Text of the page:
There are 4 ways to get U.S. domestic health insurance (coverage for the U.S.) in America:
- Group insurance. Through your employer (Just like in the past)
- Straight from an insurance company (like it always has been)
- Through an insurance broker / insurance agent like Good Neighbor Insurance (as in the past, paid for by the insurance carrier, but with additional service and customer support) that offer plans from more than one insurance company.
Premiums on both option #2, option #3, and option #4 – with or without government, the total premium is the same in either private or public/government marketplace.
- Public marketplace (government-administered) also called the public exchange
These are private insurance plans but with fewer options. The amount you are required to pay will be based on your income. The premiums are the same as on the open market, however, the government will offer to pay a portion of that premium (a subsidy to you) depending on your income level, either month to month or at the end of the year in a tax rebate/return.
For example, if the premium for an individual is $300 per month, then the government may elect to pay $50 per month (based on income) and the individual will pay $250 per month. This will be reported on your taxes next year. If you make more than what you reported for next year then you will pay the government “x” amount at tax time. If you made less then what you reported, at tax time the government will refund you money back. The refund and payment to the government is all done through the IRS.
NOTE: The IRS/government can go back ten years (seven years for all other) to audit/collect any monies you owe the government paid on health insurance premiums through the public marketplace.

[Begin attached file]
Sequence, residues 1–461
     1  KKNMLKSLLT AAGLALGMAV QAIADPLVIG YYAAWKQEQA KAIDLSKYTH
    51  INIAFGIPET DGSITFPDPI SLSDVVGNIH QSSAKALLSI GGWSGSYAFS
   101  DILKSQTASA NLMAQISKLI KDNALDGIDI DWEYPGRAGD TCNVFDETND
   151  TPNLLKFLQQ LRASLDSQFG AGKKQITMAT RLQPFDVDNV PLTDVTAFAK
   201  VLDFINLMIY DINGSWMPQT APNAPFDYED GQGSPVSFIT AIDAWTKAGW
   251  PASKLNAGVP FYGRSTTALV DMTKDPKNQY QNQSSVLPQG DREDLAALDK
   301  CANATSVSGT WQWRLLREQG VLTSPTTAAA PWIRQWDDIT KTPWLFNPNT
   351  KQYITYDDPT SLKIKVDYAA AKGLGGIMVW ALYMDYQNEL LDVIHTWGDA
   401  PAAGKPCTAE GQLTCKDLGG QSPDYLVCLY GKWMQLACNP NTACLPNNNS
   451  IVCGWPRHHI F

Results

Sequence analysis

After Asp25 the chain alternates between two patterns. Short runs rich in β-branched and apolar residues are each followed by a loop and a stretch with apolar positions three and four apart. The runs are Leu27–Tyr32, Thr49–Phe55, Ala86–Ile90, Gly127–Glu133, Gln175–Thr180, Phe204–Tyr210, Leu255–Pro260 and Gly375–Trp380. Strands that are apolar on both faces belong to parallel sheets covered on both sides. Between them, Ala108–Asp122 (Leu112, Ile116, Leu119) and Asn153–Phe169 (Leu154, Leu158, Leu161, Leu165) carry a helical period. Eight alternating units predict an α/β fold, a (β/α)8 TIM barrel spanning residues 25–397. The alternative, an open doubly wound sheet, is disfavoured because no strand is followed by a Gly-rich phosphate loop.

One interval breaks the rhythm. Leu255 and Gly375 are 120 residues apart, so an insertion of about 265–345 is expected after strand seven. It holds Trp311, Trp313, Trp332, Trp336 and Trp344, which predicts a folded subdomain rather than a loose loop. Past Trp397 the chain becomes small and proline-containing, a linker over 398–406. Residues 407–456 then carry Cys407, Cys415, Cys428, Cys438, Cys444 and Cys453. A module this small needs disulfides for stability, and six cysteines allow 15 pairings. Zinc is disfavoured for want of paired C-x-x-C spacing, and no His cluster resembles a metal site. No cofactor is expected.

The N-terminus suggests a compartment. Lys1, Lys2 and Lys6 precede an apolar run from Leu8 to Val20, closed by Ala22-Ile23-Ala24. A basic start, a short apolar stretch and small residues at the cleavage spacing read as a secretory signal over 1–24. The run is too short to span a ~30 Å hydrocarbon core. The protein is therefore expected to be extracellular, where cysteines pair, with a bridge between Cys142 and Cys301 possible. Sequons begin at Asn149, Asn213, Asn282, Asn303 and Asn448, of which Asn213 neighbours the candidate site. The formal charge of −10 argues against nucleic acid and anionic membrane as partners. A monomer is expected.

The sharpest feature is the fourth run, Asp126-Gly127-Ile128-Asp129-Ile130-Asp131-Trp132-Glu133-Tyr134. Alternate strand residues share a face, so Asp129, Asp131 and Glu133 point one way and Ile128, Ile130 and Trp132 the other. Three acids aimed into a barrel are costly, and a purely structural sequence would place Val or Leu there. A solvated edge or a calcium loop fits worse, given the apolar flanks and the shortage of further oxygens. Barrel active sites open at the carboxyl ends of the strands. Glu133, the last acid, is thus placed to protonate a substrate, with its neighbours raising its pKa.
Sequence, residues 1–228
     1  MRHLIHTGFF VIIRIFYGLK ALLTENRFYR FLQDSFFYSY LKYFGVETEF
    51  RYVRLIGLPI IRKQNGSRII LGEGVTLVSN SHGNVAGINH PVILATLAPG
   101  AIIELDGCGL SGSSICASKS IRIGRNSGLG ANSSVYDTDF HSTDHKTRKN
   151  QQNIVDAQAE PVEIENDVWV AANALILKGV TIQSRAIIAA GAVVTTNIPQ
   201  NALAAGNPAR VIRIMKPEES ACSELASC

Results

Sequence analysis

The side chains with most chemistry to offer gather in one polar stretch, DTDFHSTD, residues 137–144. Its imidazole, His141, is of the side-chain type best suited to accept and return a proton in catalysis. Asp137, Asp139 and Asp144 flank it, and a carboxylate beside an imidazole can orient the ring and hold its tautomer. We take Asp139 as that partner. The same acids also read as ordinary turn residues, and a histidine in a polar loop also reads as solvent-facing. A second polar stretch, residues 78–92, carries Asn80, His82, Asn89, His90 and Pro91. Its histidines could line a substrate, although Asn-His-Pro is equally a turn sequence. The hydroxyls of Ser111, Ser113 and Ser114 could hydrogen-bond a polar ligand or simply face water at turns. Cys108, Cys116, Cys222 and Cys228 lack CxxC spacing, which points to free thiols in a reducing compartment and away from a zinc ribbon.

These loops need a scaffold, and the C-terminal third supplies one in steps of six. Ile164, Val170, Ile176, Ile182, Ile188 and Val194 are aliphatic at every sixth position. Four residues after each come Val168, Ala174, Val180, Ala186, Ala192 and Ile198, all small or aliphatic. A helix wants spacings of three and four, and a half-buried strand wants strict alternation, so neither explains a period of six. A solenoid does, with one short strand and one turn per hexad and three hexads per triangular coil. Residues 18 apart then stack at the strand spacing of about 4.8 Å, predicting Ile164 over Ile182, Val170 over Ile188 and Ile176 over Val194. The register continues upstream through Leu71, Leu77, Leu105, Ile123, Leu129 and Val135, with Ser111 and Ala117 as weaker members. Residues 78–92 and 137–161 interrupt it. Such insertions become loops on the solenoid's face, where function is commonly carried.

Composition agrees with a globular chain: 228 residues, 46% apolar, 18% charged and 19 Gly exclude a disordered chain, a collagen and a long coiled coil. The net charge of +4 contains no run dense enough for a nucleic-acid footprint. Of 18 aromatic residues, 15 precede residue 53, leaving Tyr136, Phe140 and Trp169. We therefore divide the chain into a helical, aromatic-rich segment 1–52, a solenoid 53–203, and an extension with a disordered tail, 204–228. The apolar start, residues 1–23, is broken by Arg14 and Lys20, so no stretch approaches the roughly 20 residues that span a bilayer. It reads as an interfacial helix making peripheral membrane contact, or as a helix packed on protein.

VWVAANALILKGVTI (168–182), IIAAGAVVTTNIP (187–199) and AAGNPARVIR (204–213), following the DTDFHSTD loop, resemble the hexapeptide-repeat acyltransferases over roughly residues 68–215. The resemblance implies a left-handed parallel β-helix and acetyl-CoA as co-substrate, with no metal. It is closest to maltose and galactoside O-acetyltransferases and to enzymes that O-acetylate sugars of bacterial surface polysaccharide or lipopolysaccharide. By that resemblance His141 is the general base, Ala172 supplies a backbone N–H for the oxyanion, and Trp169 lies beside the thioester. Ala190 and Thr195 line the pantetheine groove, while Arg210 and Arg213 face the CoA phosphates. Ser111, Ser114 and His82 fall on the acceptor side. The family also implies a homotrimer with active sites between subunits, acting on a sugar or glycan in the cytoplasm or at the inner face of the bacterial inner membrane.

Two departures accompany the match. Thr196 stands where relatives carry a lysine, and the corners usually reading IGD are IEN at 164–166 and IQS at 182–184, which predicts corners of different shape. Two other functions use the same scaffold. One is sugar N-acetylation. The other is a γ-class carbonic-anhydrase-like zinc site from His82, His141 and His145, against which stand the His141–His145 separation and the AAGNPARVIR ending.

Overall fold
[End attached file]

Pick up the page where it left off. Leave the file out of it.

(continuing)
The Public marketplace is supposed to be similar insurance plans as options (2) and (3) have, shown above. However, we know that networks and other options may differ. Yes, you will have four options from each insurance company and each will have to follow exacting rules like those outside the marketplace. However, over time, there may be less insurance companies involved in the public marketplace (Aetna and UHC for example in some states at this moment have opted out of the exchanges). Another possible and real situation is that there are fewer medical networks (choice of doctors or hospitals) as a part of your health insurance plan. Please be careful to check before signing up for a plan, that a local hospital and/or emergency clinic nearby is included in your plan.
* NOTE: Usually an adult (no dependents or spouse) who makes under $28,000 annually will not be offered an alternative to Medicaid (full government health insurance). Although this may vary from state-to-state.
THE INFORMATION OFFERED ABOVE IS THE MOST ACCURATE AND PUBLIC INFORMATION WE HAVE AT THE MOMENT (OF PUBLICATION) AND IS OFFERED “AS IS” WITHOUT WARRANTIES OF ANY KIND, EITHER EXPRESS OR IMPLIED. WE CANNOT GUARANTEE THIS INFORMATION TO BE ERROR-FREE, IN TERMS OF IT’S CORRECTNESS, ACCURACY, RELIABILITY, OR OTHERWISE. WE ENCOURAGE EVERY CLIENT TO DO THEIR OWN DUE DILIGENCE IN REGARDS TO POLICIES, APPLICABLE LAWS, ETC. AS IT AFFECTS THEIR PERSON AND ORGANIZATIONS.